Here, respondent Planning Board, acing as the lead agency under SEQRAs, classified the proposed project as a "Type I" action pursuant toSEQRA, and adopted the full EAF submitted by respondent Fort Orange. That EAF included reasoned assessments of the impact of the project on aesthetic, historical and archeological resources, as well as a recognition ofthe project's location in relation to a historic district and the prior history of the subject premises." In making its determinations, respondent Planning Board's "hard look" included consideration of "expert reports from a nationally recognized historic preservation architectural firm concluding that the current state of the [subject premises] lacks any archeological, architectural or historic

5 The Planning Board was designated as the lead agency with the consent of all other involved agencies.

6 The Planning Board specifically noted, on numerous occasions, that the subject premises were "adjacent to a historic district", and located within a "proposed", but yet-to-be designated historic district.

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importance, that its demolition was not significant, and that the proposed streetscape was an acceptable and appropriate replacement." It is worthy of note that respondent Planning Board revisited its negative declaration four times between October 2008 and May 20107, during which the Planning Board considered both altered project plans as well as new environmental and historical information provided by petitioners and other members of the public .. Regardless, the Planning Board determined each time that there was no substantive change in the potential environmental impact of the project that would require the a full EIS under SEQRA.8 Therefore, after a thorough review of respondent Planning Board's negative declarations and the process by which these determinations were made, the Court is constrained to reject petitioners second cause of action.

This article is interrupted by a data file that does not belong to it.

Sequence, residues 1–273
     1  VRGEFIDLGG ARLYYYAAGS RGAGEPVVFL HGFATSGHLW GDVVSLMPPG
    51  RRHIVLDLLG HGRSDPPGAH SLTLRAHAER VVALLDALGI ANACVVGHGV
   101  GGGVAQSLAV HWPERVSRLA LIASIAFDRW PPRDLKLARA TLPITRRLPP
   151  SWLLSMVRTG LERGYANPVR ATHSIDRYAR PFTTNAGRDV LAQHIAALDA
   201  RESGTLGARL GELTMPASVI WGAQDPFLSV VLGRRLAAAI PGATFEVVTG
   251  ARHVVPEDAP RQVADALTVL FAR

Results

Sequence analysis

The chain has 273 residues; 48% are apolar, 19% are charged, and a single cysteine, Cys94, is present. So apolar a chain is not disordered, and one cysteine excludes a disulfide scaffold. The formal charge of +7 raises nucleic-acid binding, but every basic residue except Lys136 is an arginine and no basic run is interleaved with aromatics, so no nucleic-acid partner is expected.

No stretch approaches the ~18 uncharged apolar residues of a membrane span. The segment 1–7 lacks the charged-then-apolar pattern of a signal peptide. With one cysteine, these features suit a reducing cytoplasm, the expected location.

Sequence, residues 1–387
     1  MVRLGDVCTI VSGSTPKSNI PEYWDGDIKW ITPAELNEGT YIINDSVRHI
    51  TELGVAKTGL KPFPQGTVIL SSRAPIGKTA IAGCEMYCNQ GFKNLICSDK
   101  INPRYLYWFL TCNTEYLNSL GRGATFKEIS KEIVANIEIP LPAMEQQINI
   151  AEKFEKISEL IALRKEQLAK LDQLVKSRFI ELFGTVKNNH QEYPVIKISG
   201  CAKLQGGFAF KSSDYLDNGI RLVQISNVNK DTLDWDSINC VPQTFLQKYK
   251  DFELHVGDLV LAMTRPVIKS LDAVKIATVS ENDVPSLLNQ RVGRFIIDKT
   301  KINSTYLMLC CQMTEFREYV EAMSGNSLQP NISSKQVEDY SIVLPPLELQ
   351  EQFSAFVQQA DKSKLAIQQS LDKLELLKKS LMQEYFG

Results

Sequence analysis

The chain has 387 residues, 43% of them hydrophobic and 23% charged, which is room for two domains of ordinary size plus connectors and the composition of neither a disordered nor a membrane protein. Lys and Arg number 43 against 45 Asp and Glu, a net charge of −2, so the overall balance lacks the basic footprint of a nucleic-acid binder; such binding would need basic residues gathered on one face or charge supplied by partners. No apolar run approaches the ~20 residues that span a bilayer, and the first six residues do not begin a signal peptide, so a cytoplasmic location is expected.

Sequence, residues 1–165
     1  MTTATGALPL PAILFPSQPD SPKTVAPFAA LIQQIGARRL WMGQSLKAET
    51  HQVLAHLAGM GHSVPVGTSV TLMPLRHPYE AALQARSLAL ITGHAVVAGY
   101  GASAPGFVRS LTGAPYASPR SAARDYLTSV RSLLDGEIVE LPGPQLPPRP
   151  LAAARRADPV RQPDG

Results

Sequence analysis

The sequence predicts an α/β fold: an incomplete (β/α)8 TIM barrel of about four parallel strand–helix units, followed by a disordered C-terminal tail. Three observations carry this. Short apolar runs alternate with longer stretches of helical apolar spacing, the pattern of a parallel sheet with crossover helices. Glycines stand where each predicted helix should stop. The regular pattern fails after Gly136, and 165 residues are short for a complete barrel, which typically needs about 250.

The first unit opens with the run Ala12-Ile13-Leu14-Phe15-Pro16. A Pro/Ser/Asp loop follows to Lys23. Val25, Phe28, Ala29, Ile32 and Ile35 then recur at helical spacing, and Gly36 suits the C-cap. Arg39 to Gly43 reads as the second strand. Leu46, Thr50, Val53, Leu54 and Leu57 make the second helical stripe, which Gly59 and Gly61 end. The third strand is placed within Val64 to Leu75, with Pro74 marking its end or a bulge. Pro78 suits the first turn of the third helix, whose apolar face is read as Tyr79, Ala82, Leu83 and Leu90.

C. Challenge to the Conduct of the May 27h Planning Board Meeting

In their third cause of action, petitioners argue that the respondent Planning Board's May 27,2010 decision, which changed the timing ofHRC's review of the proposed new streetscape from "prior to demolition" to "prior to the commencement of construction", was arbitrary and capricious because: (a) proper notice was not given; (b) the public was not given an opportunity to be heard; (c) it was made after the Planning Board improperly went into executive session; and (d) was not taken as a result of any reasoned reconsideration." Respondents demur, asserting that the complained-of action left HRC's authority unaltered, and satisfied the applicable notice and hearing requirements.

As a threshold matter, a review of the administrative record and respondent affidavits reveals that petitioners' claim that the Planning Board improperly conducted an executive session

7 The Planning Board also conducted public hearings on December 30, 2009, during which it received public comment, prior to the January 21, 2010 determination.

8 A review of the administrative record in the instant action leads the Court to conclude that even if a full EIS had been conducted here, the ultimate outcome would not be materially different.

9 Petitioners do not, and could not, argue that HRC had any authority to review respondent Fort Orange's application for a demolition permit, as the subject premises are located outside an historic district.

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during the May 2? meeting is factually unfounded. While the Planning Board's Chairman suggested the Board go in to executive session during that meeting, Counsel to the Board advised against such a session, and there is no evidence that such a session ever occurred.